Please also note that, on January 4, 2023, USCIS published a Notice of Proposed Rulemaking that, if published in the Federal Register and made effective, will raise the H-1B registration fee per beneficiary from $10 to $215 for future H-1B cap registration periods. Additional information regarding USCIS’ proposed rule can be found here.

USCIS Resumes Bundling Adjudication of H-4 and L-2 Derivatives’ Extension and Work Authorization Applications with the Underlying Principal’s Petition

On January 19, 2023, USCIS entered into a settlement agreement following the lawsuit by the spouses of H-1B and L-1 nonimmigrant workers in Edakunni, et al. v. Mayorkas, No. 21-cv-393-TL (W.D. Wash.). In the settlement, the agency agreed to return to the concurrent adjudication of Form I-539, Application to Change/Extend Status, and Form I-765Application for Work Authorization, filed by H-4 and L-2 derivatives with the underlying Form I-129 petition when these forms are properly filed together. The settlement went into effect for a two-year period on January 25, 2023, and applies to USCIS’ adjudication under both standard processing and premium processing.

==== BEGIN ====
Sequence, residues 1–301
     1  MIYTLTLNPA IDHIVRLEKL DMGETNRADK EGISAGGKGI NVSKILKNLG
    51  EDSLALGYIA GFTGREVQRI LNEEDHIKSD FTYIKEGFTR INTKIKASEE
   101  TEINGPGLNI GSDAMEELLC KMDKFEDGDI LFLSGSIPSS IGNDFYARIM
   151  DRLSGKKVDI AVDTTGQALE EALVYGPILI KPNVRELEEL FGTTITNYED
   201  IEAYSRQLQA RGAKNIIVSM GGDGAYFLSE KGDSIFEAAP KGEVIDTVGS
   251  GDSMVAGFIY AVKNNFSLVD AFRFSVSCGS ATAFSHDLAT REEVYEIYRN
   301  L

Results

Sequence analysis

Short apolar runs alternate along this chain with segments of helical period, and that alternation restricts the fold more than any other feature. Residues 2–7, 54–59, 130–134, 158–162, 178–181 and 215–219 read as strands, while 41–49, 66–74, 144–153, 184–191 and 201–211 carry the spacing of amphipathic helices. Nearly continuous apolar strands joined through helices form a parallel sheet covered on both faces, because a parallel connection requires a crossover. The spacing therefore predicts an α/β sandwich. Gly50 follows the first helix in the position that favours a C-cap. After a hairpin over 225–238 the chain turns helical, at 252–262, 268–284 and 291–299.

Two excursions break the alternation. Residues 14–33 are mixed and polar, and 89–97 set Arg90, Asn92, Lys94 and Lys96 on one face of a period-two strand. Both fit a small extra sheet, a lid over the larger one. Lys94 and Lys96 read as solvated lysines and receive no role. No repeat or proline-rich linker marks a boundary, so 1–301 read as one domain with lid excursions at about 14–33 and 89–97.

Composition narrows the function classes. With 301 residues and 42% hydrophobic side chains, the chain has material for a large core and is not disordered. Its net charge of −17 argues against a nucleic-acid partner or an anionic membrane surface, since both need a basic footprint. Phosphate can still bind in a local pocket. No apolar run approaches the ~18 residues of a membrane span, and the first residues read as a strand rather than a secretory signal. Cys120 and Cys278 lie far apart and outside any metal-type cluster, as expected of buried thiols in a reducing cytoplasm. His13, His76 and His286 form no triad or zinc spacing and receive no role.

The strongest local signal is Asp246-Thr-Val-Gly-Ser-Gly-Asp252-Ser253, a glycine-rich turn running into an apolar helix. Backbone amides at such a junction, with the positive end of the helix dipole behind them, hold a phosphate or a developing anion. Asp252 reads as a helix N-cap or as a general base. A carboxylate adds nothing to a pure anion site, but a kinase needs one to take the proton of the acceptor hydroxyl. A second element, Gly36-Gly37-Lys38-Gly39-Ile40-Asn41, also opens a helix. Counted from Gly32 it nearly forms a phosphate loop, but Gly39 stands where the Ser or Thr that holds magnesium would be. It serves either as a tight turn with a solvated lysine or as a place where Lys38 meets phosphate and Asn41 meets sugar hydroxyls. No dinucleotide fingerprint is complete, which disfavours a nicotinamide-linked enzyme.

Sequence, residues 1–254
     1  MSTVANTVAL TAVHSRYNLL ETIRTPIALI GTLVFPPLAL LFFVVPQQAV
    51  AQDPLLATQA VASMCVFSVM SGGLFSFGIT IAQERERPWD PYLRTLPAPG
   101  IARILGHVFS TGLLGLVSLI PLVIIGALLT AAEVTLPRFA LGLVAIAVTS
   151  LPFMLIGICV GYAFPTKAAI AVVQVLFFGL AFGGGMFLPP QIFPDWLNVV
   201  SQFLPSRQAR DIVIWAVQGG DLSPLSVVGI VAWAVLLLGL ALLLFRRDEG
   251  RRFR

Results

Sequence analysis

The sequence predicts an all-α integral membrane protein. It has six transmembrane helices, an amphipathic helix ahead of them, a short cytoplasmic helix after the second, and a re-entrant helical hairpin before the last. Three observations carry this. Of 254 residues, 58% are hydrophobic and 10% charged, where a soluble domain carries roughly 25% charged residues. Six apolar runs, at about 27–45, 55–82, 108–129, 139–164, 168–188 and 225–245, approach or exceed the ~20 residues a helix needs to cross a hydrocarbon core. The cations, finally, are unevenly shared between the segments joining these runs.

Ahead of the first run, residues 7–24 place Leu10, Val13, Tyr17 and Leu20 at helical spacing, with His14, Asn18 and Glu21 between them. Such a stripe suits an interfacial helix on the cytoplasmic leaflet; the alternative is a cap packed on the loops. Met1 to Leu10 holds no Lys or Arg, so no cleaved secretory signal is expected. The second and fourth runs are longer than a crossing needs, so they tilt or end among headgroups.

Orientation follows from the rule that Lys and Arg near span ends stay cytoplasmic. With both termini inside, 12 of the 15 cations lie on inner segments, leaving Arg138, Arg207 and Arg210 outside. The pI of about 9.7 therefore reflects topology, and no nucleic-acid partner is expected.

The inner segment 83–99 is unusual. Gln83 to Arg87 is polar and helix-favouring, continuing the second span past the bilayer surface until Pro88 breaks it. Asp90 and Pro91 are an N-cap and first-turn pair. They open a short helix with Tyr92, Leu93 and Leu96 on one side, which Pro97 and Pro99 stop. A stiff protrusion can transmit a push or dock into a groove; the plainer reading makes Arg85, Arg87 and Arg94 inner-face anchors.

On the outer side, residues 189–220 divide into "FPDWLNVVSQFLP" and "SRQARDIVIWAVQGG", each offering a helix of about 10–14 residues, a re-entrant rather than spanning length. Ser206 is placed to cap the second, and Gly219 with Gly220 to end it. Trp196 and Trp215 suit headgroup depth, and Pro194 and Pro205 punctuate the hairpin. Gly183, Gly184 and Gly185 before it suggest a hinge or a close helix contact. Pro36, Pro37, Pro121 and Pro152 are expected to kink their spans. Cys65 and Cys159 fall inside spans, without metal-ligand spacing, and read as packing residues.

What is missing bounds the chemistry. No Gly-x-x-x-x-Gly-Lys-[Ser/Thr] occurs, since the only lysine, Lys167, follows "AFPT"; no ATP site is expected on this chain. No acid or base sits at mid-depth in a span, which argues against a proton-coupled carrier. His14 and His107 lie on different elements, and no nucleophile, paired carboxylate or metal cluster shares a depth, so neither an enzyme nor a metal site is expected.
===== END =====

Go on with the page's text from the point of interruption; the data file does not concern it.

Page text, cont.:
The return to concurrent adjudication provides much needed relief to H-4 and L-2 dependents that previously had to endure lengthy processing times for the past several years. In particular, the prolonged adjudication by USCIS has potentially hindered the timely renewal of work authorization and the ability to secure driver’s license renewals. This settlement has been compared to a November 2021 settlement that arose from Shergill, et al. v. Mayorkas, in which USCIS reversed its policy and authorized automatic work authorization incident to E and L spousal dependent status. Both settlements provide significant relief to nonimmigrant families in the U.S.

U.S. State Department Potentially to Test a Pilot Program Allowing Certain H and L Visa Holders to Renew Visas Without Leaving the U.S.